Sunday, 30 March 2008


Do not ork cows. It is a filthy activity and probably illegal.
Where did the word coworker come from?
At what point did it cease to matter that you do not know where to find the hyphen key on your computer?
Co-worker. A colleague. A fellow worker. Not an orker of cows.
Main Entry:
Middle English, from Latin, from com-; akin to Old English ge-, perfective and collective prefix.

I feel better now for that. Maybe that's what I'll do for a while. Have quick blogrants.
Umm. If you feel that coworker is indeed a valid word, unhyphenated, then don't try to tell me. lalala, I can't hear you... coworkers are people who ork cows:- not colleagues. Unless you are in a cow-orking syndicate. In which case I hope you are arrested soon. And taught the folly of your ways.


  1. I am not sure... now you have me wondering about this! Now that I am confused...

    Enjoy your blog.


  2. The OED announces that co-worker is a hyphenated word - that's the law. Strangely cow-pat and cow-parsley are also hyphed.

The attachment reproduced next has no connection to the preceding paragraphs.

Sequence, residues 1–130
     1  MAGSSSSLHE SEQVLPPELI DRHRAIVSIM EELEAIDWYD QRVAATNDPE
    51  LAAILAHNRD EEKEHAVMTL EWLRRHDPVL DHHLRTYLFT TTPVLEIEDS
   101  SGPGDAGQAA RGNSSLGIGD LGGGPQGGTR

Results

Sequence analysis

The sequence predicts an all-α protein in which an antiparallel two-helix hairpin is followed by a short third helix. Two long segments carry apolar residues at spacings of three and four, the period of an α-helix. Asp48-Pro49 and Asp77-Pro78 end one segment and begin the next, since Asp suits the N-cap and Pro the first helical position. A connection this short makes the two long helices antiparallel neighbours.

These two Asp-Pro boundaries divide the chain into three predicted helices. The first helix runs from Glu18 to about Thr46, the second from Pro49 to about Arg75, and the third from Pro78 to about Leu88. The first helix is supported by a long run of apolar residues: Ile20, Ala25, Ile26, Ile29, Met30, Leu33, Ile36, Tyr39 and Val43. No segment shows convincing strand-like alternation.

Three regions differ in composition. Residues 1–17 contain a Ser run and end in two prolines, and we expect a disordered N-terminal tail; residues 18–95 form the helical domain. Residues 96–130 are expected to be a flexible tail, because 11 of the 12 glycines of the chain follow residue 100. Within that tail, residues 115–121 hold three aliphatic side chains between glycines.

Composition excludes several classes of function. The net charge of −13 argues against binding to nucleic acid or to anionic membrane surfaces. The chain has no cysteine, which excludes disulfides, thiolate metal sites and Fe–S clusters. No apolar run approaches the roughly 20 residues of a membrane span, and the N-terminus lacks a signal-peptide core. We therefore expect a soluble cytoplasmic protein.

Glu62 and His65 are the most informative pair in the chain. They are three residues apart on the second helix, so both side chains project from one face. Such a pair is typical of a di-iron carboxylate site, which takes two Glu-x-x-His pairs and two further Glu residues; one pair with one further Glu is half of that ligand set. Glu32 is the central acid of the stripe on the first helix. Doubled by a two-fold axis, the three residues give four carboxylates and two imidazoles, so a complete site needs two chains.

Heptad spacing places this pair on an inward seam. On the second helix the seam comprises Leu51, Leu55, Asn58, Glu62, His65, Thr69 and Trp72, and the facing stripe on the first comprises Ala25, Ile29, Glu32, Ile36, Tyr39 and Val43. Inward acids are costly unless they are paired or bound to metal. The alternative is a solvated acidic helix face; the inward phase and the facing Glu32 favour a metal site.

Oh, and cow orking has been practiced in Bumstead-under-Bumstead for over 500 years. No one has got it right yet, they are still practising.

  3. Cowp-at?

  4. Never orked a cow before...but I hear cow pushing is fun...lost in translation..enjoyed your blog and thanks for visiting mine.

  5. I think Tolkein invented cow orcs. They were bovine elves that were bred with trolls.
    One ring to mool them all...

  6. Cownofsky!

  7. Kelli? Cowp-ushing?
    It's claimed to be an urban myth. Oh no. That's cowt-ipping. Actually, I think a cow which shows a willingness and eagerness to do its job deserves a tip. As long as the tip isn't creamed off by the farm management.
    Troll-op, genetically modded orc-cows? scary.
    Steve: Axolotl Potrzgrebie?
    What-Me worry?

  8. Doug: Sorry, I'm commenteringinging backwards.You think you're confused? that's just a normal state for me.


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